How do you update a 20 year old game that had no real sequels in the interim? For NES favorite Bionic Commando, the answer is to make Bionic Commando: Rearmed. To make a full-blown sequel? That is a little more complex. How do you attract new people to your concept and keep fans of the original happy? Do you do it at all, or do you just make a massive fumble more or less killing the game at retail? Judging by the poor sales and critical reception of this game, they more or less fumbled. Capcom said they will no longer get Western developers to working on original(ish) projects anymore, due largely to the failures of Bionic Commando (2009 version) and Dark Void. Meanwhile the downloadable Rearmed, which was made as little more than a (exceptional) promotional tie-in for BC09, is getting its own sequel.
This game is flawed, but is undeserving of all the ire it seems to have generated. It does seem to miss the point of the original quite a bit. Radd Spencer now has some terribly out-dated white-boy dreadlocks, on account of him being a bad-ass and all. He is voiced, terribly I might add, by Mike Patton of Mr. Bungle, Fantomas, and Faith No More fame. He starts the game in prison after the events of the NES adventure because of a betrayal by Commando’s Super Joe. Radd’s cyborg arm is infused with the soul of of his wife, who was killed by Joe so that Radd’s arm would work better. Because of the well-known link of prosthetic death machines and loved ones making for better.... sigh! Yeah, it’s Serious Business in the silliest way possible. Back in the day, Spencer was just rad(d). He also had red hair and wrap-around glasses!
The NES game was known for giving you the arm in lieu of the jump. Patton-Commando can do both, somewhat diminishing the uniqueness of the original. The original is very difficult, like many NES games. This is mitigated by being 2D. Certain things work well when you have only a 2D plane to deal with, and instant death traps in 8-bit games are the custom of the day. Having essentially instant death that puts you back 5-10 minutes in a modern 3D game is practically unconscionable, and it happens in BC09 copiously. I know it they did it then, but they did a lot of things then. Like buy Fido-Dido binders and pencil cases. Some things have to change, to be modernized smartly.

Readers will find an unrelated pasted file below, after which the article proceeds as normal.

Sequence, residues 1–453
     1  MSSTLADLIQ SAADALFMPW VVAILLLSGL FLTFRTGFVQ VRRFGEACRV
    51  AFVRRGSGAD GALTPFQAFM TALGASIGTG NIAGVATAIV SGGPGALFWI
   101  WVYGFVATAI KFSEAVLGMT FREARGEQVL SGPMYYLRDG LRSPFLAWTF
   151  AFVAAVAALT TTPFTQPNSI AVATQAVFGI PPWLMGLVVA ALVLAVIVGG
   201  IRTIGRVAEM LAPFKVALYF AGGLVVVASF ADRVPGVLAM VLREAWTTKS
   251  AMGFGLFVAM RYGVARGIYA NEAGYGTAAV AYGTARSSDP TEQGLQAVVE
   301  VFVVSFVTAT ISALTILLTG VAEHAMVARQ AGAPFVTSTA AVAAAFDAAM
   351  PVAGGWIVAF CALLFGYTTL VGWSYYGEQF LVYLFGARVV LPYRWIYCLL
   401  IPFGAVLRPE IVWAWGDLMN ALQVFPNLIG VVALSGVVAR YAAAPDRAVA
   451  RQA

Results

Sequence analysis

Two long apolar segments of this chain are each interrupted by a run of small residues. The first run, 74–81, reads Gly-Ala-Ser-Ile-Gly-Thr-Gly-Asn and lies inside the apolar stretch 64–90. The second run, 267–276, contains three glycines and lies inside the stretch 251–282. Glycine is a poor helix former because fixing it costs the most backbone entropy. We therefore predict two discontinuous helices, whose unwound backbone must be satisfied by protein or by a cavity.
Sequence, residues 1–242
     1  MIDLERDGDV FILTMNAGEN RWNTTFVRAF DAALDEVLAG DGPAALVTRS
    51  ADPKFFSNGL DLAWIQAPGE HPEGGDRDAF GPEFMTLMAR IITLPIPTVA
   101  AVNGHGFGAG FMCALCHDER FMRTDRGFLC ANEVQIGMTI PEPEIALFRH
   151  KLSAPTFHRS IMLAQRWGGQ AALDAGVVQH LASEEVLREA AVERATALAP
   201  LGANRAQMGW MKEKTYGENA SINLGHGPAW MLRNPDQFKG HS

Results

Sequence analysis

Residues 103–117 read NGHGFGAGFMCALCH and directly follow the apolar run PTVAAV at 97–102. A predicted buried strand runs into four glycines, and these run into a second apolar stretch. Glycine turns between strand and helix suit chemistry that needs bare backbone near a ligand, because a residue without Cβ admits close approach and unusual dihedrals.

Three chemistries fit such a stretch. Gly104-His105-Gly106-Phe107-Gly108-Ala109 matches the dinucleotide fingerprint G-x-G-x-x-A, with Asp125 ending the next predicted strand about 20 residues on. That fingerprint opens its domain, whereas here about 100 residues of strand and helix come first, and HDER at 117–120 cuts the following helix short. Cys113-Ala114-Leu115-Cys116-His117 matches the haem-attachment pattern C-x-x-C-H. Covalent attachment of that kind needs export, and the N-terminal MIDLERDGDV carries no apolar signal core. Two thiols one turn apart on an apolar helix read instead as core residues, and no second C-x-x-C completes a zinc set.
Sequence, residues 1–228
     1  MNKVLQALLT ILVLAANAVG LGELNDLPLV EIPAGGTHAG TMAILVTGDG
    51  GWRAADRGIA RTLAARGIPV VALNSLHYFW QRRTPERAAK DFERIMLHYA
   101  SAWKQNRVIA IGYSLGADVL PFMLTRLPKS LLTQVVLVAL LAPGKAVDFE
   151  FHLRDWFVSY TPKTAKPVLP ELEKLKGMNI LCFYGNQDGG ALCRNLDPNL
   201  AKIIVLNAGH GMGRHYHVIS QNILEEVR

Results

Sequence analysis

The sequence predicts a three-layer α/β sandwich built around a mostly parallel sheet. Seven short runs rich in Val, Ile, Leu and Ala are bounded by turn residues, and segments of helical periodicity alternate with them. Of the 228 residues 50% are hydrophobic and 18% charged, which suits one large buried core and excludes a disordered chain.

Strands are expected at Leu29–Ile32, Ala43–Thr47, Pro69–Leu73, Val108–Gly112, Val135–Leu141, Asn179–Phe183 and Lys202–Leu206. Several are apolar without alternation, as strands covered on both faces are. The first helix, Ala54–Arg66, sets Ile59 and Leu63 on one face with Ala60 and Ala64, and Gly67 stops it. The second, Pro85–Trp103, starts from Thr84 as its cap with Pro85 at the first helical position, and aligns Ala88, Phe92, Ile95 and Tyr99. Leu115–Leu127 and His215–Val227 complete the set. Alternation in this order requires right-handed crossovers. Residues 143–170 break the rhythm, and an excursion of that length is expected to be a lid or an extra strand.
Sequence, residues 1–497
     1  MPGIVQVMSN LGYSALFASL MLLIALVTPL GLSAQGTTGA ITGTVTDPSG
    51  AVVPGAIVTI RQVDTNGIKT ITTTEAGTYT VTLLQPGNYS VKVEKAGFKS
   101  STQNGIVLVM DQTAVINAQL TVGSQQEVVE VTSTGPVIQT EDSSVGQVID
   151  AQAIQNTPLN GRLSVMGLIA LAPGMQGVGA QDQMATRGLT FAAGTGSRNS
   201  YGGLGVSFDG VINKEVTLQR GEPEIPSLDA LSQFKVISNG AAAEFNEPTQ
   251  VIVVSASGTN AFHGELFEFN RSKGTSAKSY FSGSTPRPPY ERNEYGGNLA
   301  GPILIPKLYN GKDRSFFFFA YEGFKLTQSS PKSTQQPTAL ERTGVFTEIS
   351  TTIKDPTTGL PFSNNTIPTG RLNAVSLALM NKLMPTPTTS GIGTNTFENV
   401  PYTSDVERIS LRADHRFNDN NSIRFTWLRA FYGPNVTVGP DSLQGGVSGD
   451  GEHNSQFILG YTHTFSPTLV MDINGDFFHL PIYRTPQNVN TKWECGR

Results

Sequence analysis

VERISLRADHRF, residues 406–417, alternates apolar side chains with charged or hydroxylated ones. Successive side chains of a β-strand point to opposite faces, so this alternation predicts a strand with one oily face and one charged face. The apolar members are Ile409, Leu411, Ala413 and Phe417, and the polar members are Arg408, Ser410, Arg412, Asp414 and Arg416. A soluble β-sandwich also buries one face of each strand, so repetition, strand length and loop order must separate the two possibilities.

BC09 is not only hindered by this 8-bit/modern identity crisis, but also what it wants to do as a modern game. Can Radd explore? Or is it just linear? It’s both, sort of. Radd can grapple to almost anything, but doing so is not advisable. Instead of just having invisible walls, or smartly designed barriers, Radd can explore almost anywhere only to be killed by a plot contrivance (radiation fields) or water traps. If you weren’t meant to explore there, why give the player the option? Most games reward this sort of exploration, whereas BC09 makes sure you regret it, every time.
For these reasons, the first third of the game is an agonizing experience. You have no power-ups, you’re in these punishing environments where the radiation fields are not plainly visible, the shooting feels low-impact and generally sucks, and the collectables do no more than unlock achievements and cause your demise. But then something happens. Maybe the first bits of the game was made by gormless hobos—the story certainly was—but after that dire beginning, the game begins to click. Your arm feels cool. You can not only climb around with it in the increasingly more awesome stages, but you can also chuck cars, street signs and dudes around. It feels rad to swing in on some guys, throw one into the ocean, crush some with a vehicle and shoot the remainder in the face. If you are feeling pedestrian.
It’s also cool feeling the verticality of the stages. Climbing up a gigantic tower overlooking the city and battling a helicopter, swinging between the girders. It feels cool to recover from a poorly made jump by cyborging your way to safety. It feels cool to see instantly what you can swing from, have it be most things, not have it as an obvious Zelda-style ‘grapple point’, and for the whole thing to move seamlessly. All the while the game has fantastic renditions of classic Bionic tunes to keep you in the mood, something other games have failed to do (read: Lords of Shadow).
The game owns the arm mechanic. Many games (Zelda, Arkham Asylum, Castlevanias IV and Lords of Shadow) have grappling hooks that are used as pretty much doors/locks: you can’t progress this path unless you have the hook. BC09 uses it as your main mode of conveyance and as a powerful way to attack. Despite adding the jump, it uses the arm as effectively as the original, just for a different style of game. The game has myriad failings, but what it does right is amazing.
On the other hand, the multiplayer... well, if you can’t say anything nice, don’t say anything.
Bionic Commando (2009)
Based on: Combining the best of 1988's game design innovations with the worst of 2009's game narrative and presentation clichés.